Mitchell confirmed as director for Division of Community Development
WINDOW ROCK, Ariz. - During the waning evening hours of April 20, Arbin Mitchell was confirmed as division director of Navajo Nation Division of Community Development by the 22nd Navajo Nation Council. Seated next to council delegate Katherine Benally (Chilchinbeto, Dennehotso, Kayenta) and Navajo Nation President Ben Shelly, Mitchell provided the council with his strategic plan and vision.
Mitchell introduced himself to the council in Navajo and spoke of his upbringing herding sheep and taking care of the land. He has been leading the division since 2005 and said the goal is to improve the quality of life for Navajo people. He said the division works with chapters in providing infrastructure such as power lines and water lines.
"My main focus while working for the Navajo Nation has always been trying to get monies for our Navajo people, trying to get monies for our people at the local level," Mitchell said.
During travels to Washington, D.C. he was able to do exactly that, securing $48 million for school shortfalls at Tuba City, Wingate, Leupp, Wide Ruins and Mariano Lake. He was also able to bring in $5 million for scholarships.
Mitchell found success in procuring funding in other areas as well. He said $1.2 million was secured for the Bennett Freeze area through a line item because Washington, D.C. does not like earmarks.
"We've created that line item so leadership in D.C. can funnel monies into redeveloping the Bennett Freeze [area]," he said.
Funding has also trickled down to the chapter level.
"With the leadership of Mr. [LoRenzo] Bates, we managed to get $30 million in capital outlay using the general funds money and that hasn't happened since 1997," Mitchell said.
With help of leadership from the legislative and executive branches Mitchell said chapters received $180,000; $200,000; $100,000; and within this budget, $36,000 for capital outlay.
"We have done much work for our people at the chapter level for funding," he said.
Improving communications with the chapters is a major priority of the division and Mitchell said transparency is the goal. One tool utilized to that end has been the Woven Information Navajo Data (WIND) System, which is available to the general public at www.nndcd.org.
"We're the only division in within the Navajo Nation that does budgets online," he said. "You can log on to any chapter's budget and go back about six years and look at their budget. That's transparency."
Technology has been a main concern for the division and the Infrastructure and Capital Improvement Projects (ICIP) are no exception. The ICIP allows the chapters to complete their capital priorities online, prioritized from one to five years. The priorities are tied in with chapter resolutions, allowing for easy creation of Capital Improvement Plans (CIP).
Mitchell said the system allows for immediacy regarding queries on projects, whether they are power line or water line projects.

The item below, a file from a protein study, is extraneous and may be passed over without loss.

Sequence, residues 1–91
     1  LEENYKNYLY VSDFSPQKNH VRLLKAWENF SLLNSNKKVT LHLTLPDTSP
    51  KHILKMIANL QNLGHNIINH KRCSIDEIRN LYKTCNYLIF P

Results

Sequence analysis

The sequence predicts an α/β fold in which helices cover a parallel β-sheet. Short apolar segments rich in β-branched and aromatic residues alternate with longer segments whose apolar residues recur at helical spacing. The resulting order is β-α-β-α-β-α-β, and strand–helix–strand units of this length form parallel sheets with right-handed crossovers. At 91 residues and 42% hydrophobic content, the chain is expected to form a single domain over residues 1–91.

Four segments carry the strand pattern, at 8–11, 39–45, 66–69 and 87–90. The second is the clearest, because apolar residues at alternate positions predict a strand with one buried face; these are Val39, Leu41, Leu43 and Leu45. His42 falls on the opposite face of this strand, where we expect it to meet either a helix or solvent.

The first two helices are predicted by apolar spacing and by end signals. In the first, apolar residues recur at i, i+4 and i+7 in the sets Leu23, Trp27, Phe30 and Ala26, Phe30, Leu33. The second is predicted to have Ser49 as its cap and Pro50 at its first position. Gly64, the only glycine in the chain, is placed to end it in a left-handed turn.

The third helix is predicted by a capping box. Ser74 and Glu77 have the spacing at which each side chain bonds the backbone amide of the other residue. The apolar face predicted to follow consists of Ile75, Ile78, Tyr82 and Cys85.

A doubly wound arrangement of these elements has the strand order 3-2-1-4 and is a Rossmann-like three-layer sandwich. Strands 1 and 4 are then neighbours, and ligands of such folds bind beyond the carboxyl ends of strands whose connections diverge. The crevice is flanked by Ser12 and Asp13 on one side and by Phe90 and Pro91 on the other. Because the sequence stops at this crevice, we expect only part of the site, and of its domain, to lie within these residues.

"We can just go to the system and say give me all these projects," he said.
Other technological innovations still under construction are the project authorization and project administration, which allows people to track work projects online. This will be used in tandem with the SAS Tracker, which will provide chapter expenditure and balance information.
Plans are to have the chapter monthly reports online as well.
"That way, we'll have a lot more eyes looking at the expenditures," Mitchell said. "It won't just be two people looking at the information. That's probably why you are missing funds."
The division currently utilizes GoToMeeting, which allows Mitchell and other staff to have online conferencing with chapter staff, reducing the cost for travel and time spent on the road.
"I'd like to meet with the delegates here that want to use that method to talk to your chapters," he said.
Mitchell said another area goal for the division that was revealed by the Nabik'iyati' Committee of the council is the Tribally Designated Housing Entity (TDHE) designation.
"[Housing] is something that all Navajo chapters want and right now, I only oversee BIA monies, which we only get $1.2 million," Mitchell said. "The rest of the money is with NHA and people always ask where is the money, where did it all go?"
Aside from housing, another major aim for the division is the Five Management System (FMS) and chapter certification through the Local Governance Support Centers (LGSC). Streamlining the certification process with the Navajo Nation Department of Justice and other approving offices has been critical for the certification of chapters, embodied by the FMS.
"For so long, we only certified 10 chapters," Mitchell said. "Then doing the streamline, we managed to certify 12 chapters within a year."
Five chapters are currently on the waiting list for certification and the division anticipates the certification of 30-40 chapters within this fiscal year. The Community Land Use Plan (CLUP) recently had two chapters certified and are looking to have more qualified.
The Local Governance Act (LGA) proposed amendments are another division priority. Mitchell said the overstrike and underscore portion of the amendments are completed and they are awaiting the Title II amendments to be finalized.
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